Vauxhall Insignia Country Tourer – Review
Vauxhall Insignia Country Tourer
by Liam Bird
Were it not for a certain significant Vauxhall estate car, I may not have been writing this at all. In early 1969, pre-empting the arrival of my older brother, my father bought a blue Viva HB estate; brand new, on an H-plate. He was chuffed. The Viva served him well and provided the perfect means of practical family transport he’d been searching for. Four years later when I arrived (I’ll let you do the maths) dad’s careful ownership, his home servicing skills, and no doubt copious amounts of turtle wax meant the Viva was still going strong. So strong in fact that it was another 10-years before what had become the old HB finally gave in to the tin-worm. A Hillman Avenger 1600 Super replaced it. But that’s another story.
What didn’t dawn on me until last week, when I picked up Vauxhall’s latest Insignia Country Tourer was that, since the family Bird’s Viva was unceremoniously carted off to the great car park in the sky, I can’t recall ever having spent any significant time with a family-orientated Vauxhall estate. Subconsciously (well that’s my excuse) I’ve tended to avoid them, indulging myself instead in cars of an altogether less practical, more, shall we say, sporting nature.
Something else also became apparent: for the first time, I realised that because of a certain blue Viva, Vauxhall are partly responsible for my life-long fascination with all things automotive. I spent hours in the garage with dad. Who’d have thought it, Vauxhall? Nevertheless I approached the Insignia Country Tourer with an open mind.
“Loaded to the gunnels”
The Country Tourer is the flagship model of the current Insignia range. Based on their Sports Tourer but with a 20mm higher ride height, some rugged looking wheel-arch extensions, 18” rims and all-wheel drive it promises to be a go anywhere (well almost, and within reason) family-wagon. It is Vauxhall’s answer to the Audi A4 All-Road, VW Passat All-track, Skoda’s Octavia Scout, Volvo’s aged XC70 et-al.
Priced at £26,499 it’s not cheap. Although the Audi and Volvo are more costly. But it is loaded to the gunnels with the kind of technology the schoolboy version of me would’ve thought belonged on Tomorrow’s World. Sat-nav, DAB radio, front and rear parking sensors, heated front seats, mirrors and steering wheel, power windows, part-electric seat adjustment, privacy glass, tire pressure monitors, adaptable dampers, multiple airbags, and Vauxhall’s Intellilink system that even lets you write notes directly into via a touchpad, are all fitted to the Nav-specced example I tested. As was Vauxhall’s all new dashboard.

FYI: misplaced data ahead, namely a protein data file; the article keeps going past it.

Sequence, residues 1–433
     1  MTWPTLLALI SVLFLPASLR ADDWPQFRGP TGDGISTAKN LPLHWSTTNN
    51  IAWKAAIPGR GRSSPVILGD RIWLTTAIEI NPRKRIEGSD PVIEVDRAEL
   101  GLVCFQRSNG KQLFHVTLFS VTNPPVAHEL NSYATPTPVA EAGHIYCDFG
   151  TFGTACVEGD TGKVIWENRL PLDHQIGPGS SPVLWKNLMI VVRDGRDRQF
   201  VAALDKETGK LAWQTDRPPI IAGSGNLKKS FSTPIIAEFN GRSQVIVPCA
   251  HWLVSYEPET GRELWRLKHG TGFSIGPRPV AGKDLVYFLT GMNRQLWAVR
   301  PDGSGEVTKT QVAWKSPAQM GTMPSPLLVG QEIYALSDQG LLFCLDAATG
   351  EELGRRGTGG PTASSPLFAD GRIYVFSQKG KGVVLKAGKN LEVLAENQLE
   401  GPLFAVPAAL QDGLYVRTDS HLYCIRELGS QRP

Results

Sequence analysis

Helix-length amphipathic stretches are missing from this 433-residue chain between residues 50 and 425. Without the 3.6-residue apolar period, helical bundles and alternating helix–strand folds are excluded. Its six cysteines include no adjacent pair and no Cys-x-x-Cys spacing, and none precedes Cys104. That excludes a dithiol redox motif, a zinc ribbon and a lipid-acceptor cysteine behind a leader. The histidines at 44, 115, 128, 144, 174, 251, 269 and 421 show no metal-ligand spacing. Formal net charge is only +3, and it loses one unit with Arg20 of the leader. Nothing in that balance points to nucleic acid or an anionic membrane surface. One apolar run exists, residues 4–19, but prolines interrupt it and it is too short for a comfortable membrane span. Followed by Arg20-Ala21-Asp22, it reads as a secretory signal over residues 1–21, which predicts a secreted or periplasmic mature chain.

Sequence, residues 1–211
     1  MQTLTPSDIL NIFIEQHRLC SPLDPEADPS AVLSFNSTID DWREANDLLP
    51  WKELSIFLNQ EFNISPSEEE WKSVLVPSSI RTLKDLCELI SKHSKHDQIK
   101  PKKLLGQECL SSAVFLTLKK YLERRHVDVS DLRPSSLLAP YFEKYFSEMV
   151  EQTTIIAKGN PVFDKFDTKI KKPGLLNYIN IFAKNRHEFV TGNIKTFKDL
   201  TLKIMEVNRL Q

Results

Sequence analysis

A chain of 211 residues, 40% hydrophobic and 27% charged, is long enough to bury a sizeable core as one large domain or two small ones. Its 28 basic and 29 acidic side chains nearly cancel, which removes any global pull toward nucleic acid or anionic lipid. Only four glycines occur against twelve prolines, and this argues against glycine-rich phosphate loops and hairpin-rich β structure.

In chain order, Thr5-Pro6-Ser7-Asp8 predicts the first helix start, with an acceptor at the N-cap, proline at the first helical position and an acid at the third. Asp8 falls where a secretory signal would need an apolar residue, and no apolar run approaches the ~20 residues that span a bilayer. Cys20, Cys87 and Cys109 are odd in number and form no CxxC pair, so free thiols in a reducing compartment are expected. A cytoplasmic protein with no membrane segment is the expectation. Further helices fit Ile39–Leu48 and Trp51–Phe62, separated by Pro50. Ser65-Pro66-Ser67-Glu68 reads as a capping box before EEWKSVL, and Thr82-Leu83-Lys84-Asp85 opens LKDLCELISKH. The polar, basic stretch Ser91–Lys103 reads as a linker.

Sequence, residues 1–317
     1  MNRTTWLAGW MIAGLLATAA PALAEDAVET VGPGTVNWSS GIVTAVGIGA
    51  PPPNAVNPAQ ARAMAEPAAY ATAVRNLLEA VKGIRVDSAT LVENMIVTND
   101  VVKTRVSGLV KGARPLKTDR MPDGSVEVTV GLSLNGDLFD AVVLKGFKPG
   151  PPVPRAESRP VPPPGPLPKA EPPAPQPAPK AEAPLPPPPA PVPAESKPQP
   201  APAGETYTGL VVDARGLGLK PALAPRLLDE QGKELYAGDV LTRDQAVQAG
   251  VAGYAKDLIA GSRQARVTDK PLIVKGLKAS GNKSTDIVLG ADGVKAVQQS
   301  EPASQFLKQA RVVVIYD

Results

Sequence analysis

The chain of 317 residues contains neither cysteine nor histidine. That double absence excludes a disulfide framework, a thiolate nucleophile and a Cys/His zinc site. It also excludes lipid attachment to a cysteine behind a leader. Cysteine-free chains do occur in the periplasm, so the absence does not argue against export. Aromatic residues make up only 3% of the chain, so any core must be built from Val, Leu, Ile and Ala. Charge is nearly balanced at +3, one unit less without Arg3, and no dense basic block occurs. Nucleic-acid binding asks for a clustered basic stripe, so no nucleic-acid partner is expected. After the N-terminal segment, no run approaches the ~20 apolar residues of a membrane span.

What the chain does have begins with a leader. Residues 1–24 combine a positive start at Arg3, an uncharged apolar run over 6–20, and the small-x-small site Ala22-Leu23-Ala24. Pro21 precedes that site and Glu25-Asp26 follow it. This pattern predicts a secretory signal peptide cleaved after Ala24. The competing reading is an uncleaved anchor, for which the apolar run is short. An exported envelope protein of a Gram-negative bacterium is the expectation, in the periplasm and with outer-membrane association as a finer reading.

Forget the button-festooned Insignias of old. An 8.4 inch touch screen now takes care of most of the functions listed above whilst making a magnificent job of decluttering the fascia. But, it’s the instrument panel itself that’s the real stand-out feature. Between the traditional rev counter and fuel gauge there’s a beautifully clear screen that can display either an electronic interpretation of a speedometer, inset with either the trip-computer or your navigation instructions. Or, you set it to show the speed in a much smaller digital display and utilize the freed-up space to display a host of other functions. On paper it sounds awfully complicated, but the truth is it’s incredibly easy; it’s all controlled by a simple intuitive button on the steering wheel. The truth is it wouldn’t look out of place in something costing four times what Vauxhall charge for the Insignia.
Sadly, the diesel engine doesn’t feel quite as refined. It rattles like a mini-cab at idle and wheezes like its driver when worked hard. That said it does have to toil for its living. The single turbo-ed unit’s 163bhp (there’s a biturbo auto-only option available too) and 258lbft of torque is hobbled somewhat by the extra 230kg weight of the four-wheel drive system. Add to that a slightly rubbery gear-change and some rather numb steering and the result is the Insignia Country feels altogether more relaxed than a racer ever does. The upside though, is the promise of 50.mpg and a range of over 650 miles.
“Tackle the Serengeti”
Will any of those miles ever be completed off-road? It’s unlikely. For all of the Country Tourer’s rugged pretensions it’s hardly the kind of car in which you’d tackle the Serengeti. Nevertheless the extra traction provided when the electronic differential does its stuff will probably prove to be more than enough to get you off a wet field, cope with a friend’s unpaved driveway, or get you home on a snowy evening.
As an all-round-all-year family car there’s a lot to like about the Insignia Country Tourer. It’s unassuming, practical and spacious. What more can you ask of it? I’d say it’s the nicest Vauxhall estate I’ve been in for years.
Vauxhall Insignia Country Tourer
Engine: 1956cc 4Cyl 16V turbo-diesel
Transmission: 6 speed Manual, four wheel drive
Power: 163bhp @ 4000pm
Torque: 258 lbft @ 1750rpm
0-62MPH: 10.9 Sec
Max Speed: 127 mph
MPG: 50.4 combined